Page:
Redis 的10个技巧

原文:http://objectrocket.com/blog/how-to/10-quick-tips-about-redis/

译文:https://www.jb51.net/article/73376.htm

Redis 在当前的技术社区里是非常热门的。从来自 Antirez 一个小小的个人项目到成为内存数据存储行业的标准,Redis已经走过了很长的一段路。

随之而来的一系列最佳实践,使得大多数人可以正确地使用 Redis。

下面我们将探索正确使用 Redis 的10个技巧。

1、停止使用 KEYS

Okay,以挑战这个命令开始这篇文章,或许并不是一个好的方式,但其确实可能是最重要的一点。

很多时候当我们关注一个redis实例的统计数据,我们会快速地输入”KEYS *”命令,这样key的信息会很明显地展示出来。平心而论,从程序化的角度出发往往倾向于写出下面这样的伪代码:

for key in 'keys *':
 doAllTheThings()

但是当你有1300万个key时,执行速度将会变慢。因为KEYS命令的时间复杂度是O(n),其中n是要返回的keys的个数,这样这个命令的复杂度就取决于数据库的大小了。并且在这个操作执行期间,其它任何命令在你的实例中都无法执行。

作为一个替代命令,看一下 SCAN 吧,其允许你以一种更友好的方式来执行… SCAN 通过增量迭代的方式来扫描数据库。这一操作基于游标的迭代器来完成的,因此只要你觉得合适,你可以随时停止或继续。

推荐:一个致命的 Redis 命令,损失 400 万!

2、找出拖慢 Redis 的罪魁祸首

由于 Redis 没有非常详细的日志,要想知道在 Redis 实例内部都做了些什么是非常困难的。幸运的是 Redis 提供了一个下面这样的命令统计工具:

127.0.0.1:6379> INFO commandstats
# Commandstats
cmdstat_get:calls=78,usec=608,usec_per_call=7.79 
cmdstat_setex:calls=5,usec=71,usec_per_call=14.20 
cmdstat_keys:calls=2,usec=42,usec_per_call=21.00 
cmdstat_info:calls=10,usec=1931,usec_per_call=193.10

通过这个工具可以查看所有命令统计的快照,比如命令执行了多少次,执行命令所耗费的毫秒数(每个命令的总时间和平均时间)

只需要简单地执行 CONFIG RESETSTAT 命令就可以重置,这样你就可以得到一个全新的统计结果。

3、 将 Redis-Benchmark 结果作为参考,而不要一概而论

Redis 之父 Salvatore 就说过:“通过执行GET/SET命令来测试Redis就像在雨天检测法拉利的雨刷清洁镜子的效果”。很多时候人们跑到我这里,他们想知道为什么自己的Redis-Benchmark统计的结果低于最优结果 。但我们必须要把各种不同的真实情况考虑进来,例如:

  • 可能受到哪些客户端运行环境的限制?
  • 是同一个版本号吗?
  • 测试环境中的表现与应用将要运行的环境是否一致?

Redis-Benchmark的测试结果提供了一个保证你的 Redis-Server 不会运行在非正常状态下的基准点,但是你永远不要把它作为一个真实的“压力测试”。压力测试需要反应出应用的运行方式,并且需要一个尽可能的和生产相似的环境。

4、Hashes 是你的最佳选择

以一种优雅的方式引入 hashes 吧。hashes 将会带给你一种前所未有的体验。之前我曾看到过许多类似于下面这样的key结构:

foo:first_name
foo:last_name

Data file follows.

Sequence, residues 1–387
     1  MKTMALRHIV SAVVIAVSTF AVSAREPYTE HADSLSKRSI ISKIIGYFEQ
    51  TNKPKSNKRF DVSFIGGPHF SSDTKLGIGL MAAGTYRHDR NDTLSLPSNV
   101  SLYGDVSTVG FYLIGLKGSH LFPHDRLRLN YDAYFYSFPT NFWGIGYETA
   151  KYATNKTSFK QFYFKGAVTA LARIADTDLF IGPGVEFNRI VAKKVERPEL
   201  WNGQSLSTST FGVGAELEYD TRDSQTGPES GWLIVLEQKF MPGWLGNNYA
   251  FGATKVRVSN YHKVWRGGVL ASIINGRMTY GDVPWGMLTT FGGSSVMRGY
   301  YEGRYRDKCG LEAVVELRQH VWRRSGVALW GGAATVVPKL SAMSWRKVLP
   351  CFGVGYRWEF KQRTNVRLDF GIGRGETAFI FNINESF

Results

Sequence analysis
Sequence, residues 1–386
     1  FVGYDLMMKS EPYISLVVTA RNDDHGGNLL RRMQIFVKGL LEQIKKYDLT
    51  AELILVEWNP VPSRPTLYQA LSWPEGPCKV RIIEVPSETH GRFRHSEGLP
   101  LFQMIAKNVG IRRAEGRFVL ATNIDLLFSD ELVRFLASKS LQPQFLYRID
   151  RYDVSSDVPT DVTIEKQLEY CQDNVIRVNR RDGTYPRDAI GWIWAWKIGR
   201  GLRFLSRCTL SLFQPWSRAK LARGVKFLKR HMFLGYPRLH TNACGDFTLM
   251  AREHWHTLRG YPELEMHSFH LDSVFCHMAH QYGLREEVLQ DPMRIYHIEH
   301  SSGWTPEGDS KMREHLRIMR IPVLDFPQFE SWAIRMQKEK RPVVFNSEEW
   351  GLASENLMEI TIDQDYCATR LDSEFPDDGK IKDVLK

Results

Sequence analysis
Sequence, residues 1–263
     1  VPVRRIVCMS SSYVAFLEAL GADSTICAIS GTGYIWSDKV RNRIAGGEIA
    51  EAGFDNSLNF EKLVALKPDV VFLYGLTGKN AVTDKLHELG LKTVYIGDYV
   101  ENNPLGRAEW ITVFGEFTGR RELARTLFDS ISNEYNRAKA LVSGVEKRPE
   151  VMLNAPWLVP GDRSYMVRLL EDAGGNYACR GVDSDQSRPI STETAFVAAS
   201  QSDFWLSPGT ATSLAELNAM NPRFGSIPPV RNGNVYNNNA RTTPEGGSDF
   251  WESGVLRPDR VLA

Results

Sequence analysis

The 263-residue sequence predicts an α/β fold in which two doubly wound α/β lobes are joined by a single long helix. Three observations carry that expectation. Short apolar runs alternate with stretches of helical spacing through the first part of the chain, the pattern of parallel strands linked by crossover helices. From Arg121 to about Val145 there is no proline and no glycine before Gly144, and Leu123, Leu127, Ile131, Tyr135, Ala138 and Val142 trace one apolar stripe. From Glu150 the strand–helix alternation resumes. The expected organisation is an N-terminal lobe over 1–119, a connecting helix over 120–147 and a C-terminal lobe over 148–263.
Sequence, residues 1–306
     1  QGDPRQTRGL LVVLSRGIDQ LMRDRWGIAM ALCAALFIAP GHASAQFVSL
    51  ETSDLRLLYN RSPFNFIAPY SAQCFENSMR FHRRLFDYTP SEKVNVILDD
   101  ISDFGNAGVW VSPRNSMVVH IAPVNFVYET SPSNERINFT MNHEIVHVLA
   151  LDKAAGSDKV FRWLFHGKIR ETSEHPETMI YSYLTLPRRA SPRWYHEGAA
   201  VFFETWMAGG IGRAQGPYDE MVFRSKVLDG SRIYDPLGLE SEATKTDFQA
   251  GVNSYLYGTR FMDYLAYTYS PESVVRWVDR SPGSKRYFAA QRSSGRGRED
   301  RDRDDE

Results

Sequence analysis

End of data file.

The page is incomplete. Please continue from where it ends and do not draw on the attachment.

foo:address

上面的例子中,foo 可能是一个用户的用户名,其中的每一项都是一个单独的 key。这就增加了 犯错的空间,和一些不必要的 key。使用 hash 代替吧,你会惊奇地发现竟然只需要一个 key :

127.0.0.1:6379> HSET foo first_name "Joe" 
(integer) 1 
127.0.0.1:6379> HSET foo last_name "Engel" 
(integer) 1 
127.0.0.1:6379> HSET foo address "1 Fanatical Pl" 
(integer) 1 
127.0.0.1:6379> HGETALL foo
1) "first_name" 
2) "Joe" 
3) "last_name" 
4) "Engel" 
5) "address" 
6) "1 Fanatical Pl" 
127.0.0.1:6379> HGET foo first_name
"Joe"

5、设置 key 值的存活时间

无论什么时候,只要有可能就利用key超时的优势。一个很好的例子就是储存一些诸如临时认证key之类的东西。

当你去查找一个授权key时——以OAUTH为例——通常会得到一个超时时间。这样在设置key的时候,设成同样的超时时间,Redis就会自动为你清除!而不再需要使用KEYS *来遍历所有的key了,怎么样很方便吧?

6、 选择合适的回收策略

既然谈到了清除key这个话题,那我们就来聊聊回收策略。当 Redis 的实例空间被填满了之后,将会尝试回收一部分key。根据你的使用方式,我强烈建议使用 volatile-lru 策略——前提是你对key已经设置了超时。

但如果你运行的是一些类似于 cache 的东西,并且没有对 key 设置超时机制,可以考虑使用 allkeys-lru 回收机制。我的建议是先在这里查看一下可行的方案。

7、如果你的数据很重要,请使用 Try/Except

如果必须确保关键性的数据可以被放入到 Redis 的实例中,我强烈建议将其放入 try/except 块中。几乎所有的Redis客户端采用的都是“发送即忘”策略,因此经常需要考虑一个 key 是否真正被放到 Redis 数据库中了。至于将 try/expect 放到 Redis 命令中的复杂性并不是本文要讲的,你只需要知道这样做可以确保重要的数据放到该放的地方就可以了。

8、不要耗尽一个实例

无论什么时候,只要有可能就分散多redis实例的工作量。从3.0.0版本开始,Redis就支持集群了。Redis集群允许你基于key范围分离出部分包含主/从模式的key。完整的集群背后的“魔法”可以在这里找到。

但如果你是在找教程,那这里是一个再适合不过的地方了。如果不能选择集群,考虑一下命名空间吧,然后将你的key分散到多个实例之中。关于怎样分配数据,在redis.io网站上有这篇精彩的评论。

9、内核越多越好吗?

当然是错的。Redis 是一个单线程进程,为什么 Redis 单线程能支撑高并发?即使启用了持久化最多也只会消耗两个内核。除非你计划在一台主机上运行多个实例——希望只会是在开发测试的环境下!——否则的话对于一个 Redis 实例是不需要2个以上内核的。

10、高可用

到目前为止 Redis Sentinel 已经经过了很全面的测试,很多用户已经将其应用到了生产环境中(包括 ObjectRocket )。如果你的应用重度依赖于 Redis ,那就需要想出一个高可用方案来保证其不会掉线。